The 23 component parts, which span eight prefectures and 11 cities, tell the tale of how Japan seized the initiative and adopted Western technology between the closing days of the Tokugawa Shogunate (the final years of the Edo Era, 1603-1868) and the Meiji Era (1868-1912), developing human resources, constructing modern industries, and becoming an industrialized nation.
In only five decades, from the second half of the 19th century to the early years of the 20th, Japan rapidly industrialized in the fields of shipbuilding, iron and steel manufacturing and coal mining, industries that would become keys to the country’s economy. Their trial-and-error approach, which emphasized studying and researching Western industry and inviting Western engineers to Japan for guidance, was incorporated into Japan’s traditional culture. Through continuous practice and application, this approach laid the foundation for the Japanese system of industry.
The unique chronological testimony these heritage sites provide creates a matrix that reveals the progress of Japanese industry. For example, one can sense how the high level of maritime technology at Miike Port, fostered by the Miike Coal Mine, dramatically accelerated the development of Japan’s contemporary transportation and shipping industries.
The Shuseikan in Kagoshima was where Satsuma Clan lord Shimazu Nariakira enthusiastically studied Western ideas and consequently took a proactive approach to adopting Western industrial technology. The Former Glover House and Office was the workplace of Scottish merchant Thomas Glover, who made major contributions to Japan’s shipbuilding and coal industries, and served as a gathering place for those involved in the industrial science and technology of the day. Overseas ideas were combined with Japanese values that had a huge impact on the luminaries of the Meiji Era, who refined these concepts to create new value.
Of the 23 sites inscribed by UNESCO, 16 are located in Kyushu.
1. Shuseikan (Kagoshima)
Satsuma lord Shimazu Nariakira launched the Shuseikan project in response to challenges from the major Western powers in the closing days of the Tokugawa Shogunate. The site is preserved to tell the story of Satsuma’s attempts to build a reverberatory furnace and the surrounding trial-and-error experimentation.
2. Terayama Charcoal Kiln (Kagoshima)
The site of the kiln that created the charcoal used to fuel the Shuseikan project.
3. Sekiyoshi Sluice Gate of Yoshino Leat (Kagoshima)
The sluice that supplied water to power the Shuseikan project.
4. Mietsu Naval Dock (Saga)
In the closing days of the Edo Era, the Saga Clan established the Mietsu Naval Dock for coastal defense.
5. Kosuge Slip Dock (Nagasaki)
Japan’s first Western-style slipway, equipped with a steam-powered winch, is still in existence today. In 1869, this ship repair facility was established at Nagasaki Port through a collaboration between Scottish merchant Thomas Glover and the Satsuma Clan.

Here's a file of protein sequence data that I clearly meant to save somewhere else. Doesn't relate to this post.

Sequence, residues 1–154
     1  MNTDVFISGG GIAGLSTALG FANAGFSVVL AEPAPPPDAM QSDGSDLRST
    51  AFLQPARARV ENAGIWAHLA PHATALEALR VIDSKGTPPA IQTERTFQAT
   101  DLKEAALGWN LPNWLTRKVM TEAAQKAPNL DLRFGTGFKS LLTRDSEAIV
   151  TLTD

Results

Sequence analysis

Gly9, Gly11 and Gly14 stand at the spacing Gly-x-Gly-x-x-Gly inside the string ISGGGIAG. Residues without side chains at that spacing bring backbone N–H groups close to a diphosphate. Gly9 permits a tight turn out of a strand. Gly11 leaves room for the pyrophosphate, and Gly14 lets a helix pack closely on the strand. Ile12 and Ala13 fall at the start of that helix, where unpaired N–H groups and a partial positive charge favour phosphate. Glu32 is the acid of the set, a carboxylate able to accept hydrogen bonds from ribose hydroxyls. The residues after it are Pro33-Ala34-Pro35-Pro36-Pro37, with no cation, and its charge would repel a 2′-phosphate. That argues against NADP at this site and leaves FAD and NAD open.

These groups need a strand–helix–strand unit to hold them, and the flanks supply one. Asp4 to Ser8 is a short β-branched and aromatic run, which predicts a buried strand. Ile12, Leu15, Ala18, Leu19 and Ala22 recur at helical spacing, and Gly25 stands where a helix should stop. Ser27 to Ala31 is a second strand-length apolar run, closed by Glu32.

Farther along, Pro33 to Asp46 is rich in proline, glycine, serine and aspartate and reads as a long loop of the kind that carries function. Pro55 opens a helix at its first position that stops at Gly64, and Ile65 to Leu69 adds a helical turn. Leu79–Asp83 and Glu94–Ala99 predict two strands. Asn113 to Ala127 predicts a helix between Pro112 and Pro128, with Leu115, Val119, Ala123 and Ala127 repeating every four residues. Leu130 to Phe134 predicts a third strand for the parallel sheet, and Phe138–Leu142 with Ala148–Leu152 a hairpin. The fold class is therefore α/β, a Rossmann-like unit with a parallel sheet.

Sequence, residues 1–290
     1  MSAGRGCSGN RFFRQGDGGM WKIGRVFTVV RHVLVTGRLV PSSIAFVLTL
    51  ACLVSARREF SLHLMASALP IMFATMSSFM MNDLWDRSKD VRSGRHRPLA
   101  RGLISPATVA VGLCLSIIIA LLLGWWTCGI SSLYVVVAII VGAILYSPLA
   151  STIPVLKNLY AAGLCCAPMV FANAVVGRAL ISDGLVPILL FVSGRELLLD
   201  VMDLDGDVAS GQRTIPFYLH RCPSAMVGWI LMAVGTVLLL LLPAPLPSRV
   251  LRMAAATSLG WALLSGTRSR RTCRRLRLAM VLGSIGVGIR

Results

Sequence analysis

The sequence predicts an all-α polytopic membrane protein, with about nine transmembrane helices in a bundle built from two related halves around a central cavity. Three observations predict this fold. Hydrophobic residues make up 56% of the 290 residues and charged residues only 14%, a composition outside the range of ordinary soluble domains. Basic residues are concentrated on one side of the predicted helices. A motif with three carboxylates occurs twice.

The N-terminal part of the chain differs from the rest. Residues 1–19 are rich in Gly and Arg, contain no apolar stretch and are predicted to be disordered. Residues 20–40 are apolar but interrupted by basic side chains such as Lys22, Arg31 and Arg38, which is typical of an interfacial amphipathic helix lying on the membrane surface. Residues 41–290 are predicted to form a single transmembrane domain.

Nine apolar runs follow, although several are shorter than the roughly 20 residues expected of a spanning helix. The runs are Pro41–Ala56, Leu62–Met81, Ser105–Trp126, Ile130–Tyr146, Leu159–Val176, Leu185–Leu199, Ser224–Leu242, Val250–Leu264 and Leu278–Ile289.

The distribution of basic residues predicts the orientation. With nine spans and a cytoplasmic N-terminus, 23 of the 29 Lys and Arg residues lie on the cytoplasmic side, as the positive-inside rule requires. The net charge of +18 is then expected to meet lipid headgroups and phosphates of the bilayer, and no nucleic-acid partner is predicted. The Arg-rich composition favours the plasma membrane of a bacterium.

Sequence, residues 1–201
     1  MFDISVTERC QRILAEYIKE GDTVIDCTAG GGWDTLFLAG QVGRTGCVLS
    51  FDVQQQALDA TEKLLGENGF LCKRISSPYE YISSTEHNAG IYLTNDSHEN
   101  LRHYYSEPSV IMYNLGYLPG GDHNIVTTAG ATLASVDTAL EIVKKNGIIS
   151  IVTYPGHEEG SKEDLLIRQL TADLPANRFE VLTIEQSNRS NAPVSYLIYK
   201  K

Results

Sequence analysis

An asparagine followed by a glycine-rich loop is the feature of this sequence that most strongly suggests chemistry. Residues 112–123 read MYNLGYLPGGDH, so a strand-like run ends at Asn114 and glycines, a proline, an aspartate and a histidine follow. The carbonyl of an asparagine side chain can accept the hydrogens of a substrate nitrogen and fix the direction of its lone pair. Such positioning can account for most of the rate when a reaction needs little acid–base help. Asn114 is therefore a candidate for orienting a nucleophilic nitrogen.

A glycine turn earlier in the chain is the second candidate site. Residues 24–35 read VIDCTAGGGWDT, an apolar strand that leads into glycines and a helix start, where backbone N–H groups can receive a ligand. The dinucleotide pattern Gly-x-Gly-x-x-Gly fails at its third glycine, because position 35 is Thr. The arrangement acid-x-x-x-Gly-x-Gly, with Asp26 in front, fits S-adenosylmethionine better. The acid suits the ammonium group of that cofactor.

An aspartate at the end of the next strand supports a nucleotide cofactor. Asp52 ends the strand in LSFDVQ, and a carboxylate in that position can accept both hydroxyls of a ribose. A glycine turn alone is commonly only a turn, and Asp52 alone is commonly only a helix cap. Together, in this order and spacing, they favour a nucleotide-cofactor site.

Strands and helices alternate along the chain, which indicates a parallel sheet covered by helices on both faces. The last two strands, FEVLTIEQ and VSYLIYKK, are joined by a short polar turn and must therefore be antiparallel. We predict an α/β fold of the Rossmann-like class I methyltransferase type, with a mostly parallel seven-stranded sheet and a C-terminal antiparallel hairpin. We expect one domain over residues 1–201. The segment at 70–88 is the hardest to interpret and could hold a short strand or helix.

6. Mitsubishi No. 3 Dry Dock (Nagasaki)
This dry dock, constructed from 1901 to 1905, was used to repair large ships built during Mitsubishi’s limited-partnership era.
7. Mitsubishi Giant Cantilever Crane (Nagasaki)
This was Japan’s first electric crane, constructed in 1909 during Mitsubishi’s limited-partnership era in conjunction with the electrification of the shipyard.
8. Mitsubishi Former Pattern Shop (Nagasaki)
Built in 1898 to produce wooden patterns for castings, this pattern shop was constructed during Mitsubishi’s limited-partnership era in response to the increased demand in Japan for cast-metal goods.
9. Mitsubishi Senshokaku Guest House (Nagasaki)
Overlooking the third dock from the hillside, this Western-style, two-story wooden house was built during Mitsubishi’s limited-partnership era in the formative years of Japan’s shipbuilding industry. Although completed in 1904 as the residence of Heigoro Shoda, head of Nagasaki Shipyard, it was used as a reception hall rather than a private home.
10. Takashima Coal Mine (Nagasaki)
From the closing days of the Tokugawa Shogunate to the Meiji Era, the demand for coal in Japan increased greatly, needed to power Western machinery. On Takashima Island off the coast of Nagasaki, the Saga Clan, together with Scottish merchant Thomas Glover, developed a coal mine.
11. Hashima Coal Mine (Nagasaki)
Hashima Coal Mine was an island coal mine developed using technology from Takashima Coal Mine.
12. Glover House & Office (Nagasaki)
The base of operations for Scottish merchant Thomas Glover, who assisted in Japan’s industrialization.
13a. Miike Coal Mine (Kumamoto)
Miike Coal Mine is now closed, but traces of the private railroad connecting the mine’s main pits, Miyanohara and Manda, with the Miike Port remain.
13b. Miike Port (Kumamoto)
Listed together with Miike Coal Mine, the fact that Miike Port is a productive asset that is still in use today demonstrates that these sites are not relics but remain useful technology.
14. Misumi West Port (Kumamoto)
Designed by Dutch engineer A. Rouwenhorst Mulder, this port was constructed with government subsidies and became one of the Meiji Era’s three biggest harbor construction projects.
15. Imperial Steel Works (Fukuoka)
The first head office of the steel works is in a symmetrical edifice rendered in red brick with a dome at its center. The German firm Gutehoffnungshütte Co. (GHH) designed and provided the steel frame for the steel works’ repair shop, where machinery was repaired and components manufactured for the steel works. The repair shop has been in continuous operation for over 110 years. GHH also designed and provided the steel frame for the former forge shop, which manufactured the products needed to construct the steel works.
16. Onga River Pumping Station (Fukuoka)
A pumping facility that transported water from the mouth of the Onga River to the Imperial Steel Works about 10 kilometers (6.2 mi) away. The facility is still operational today.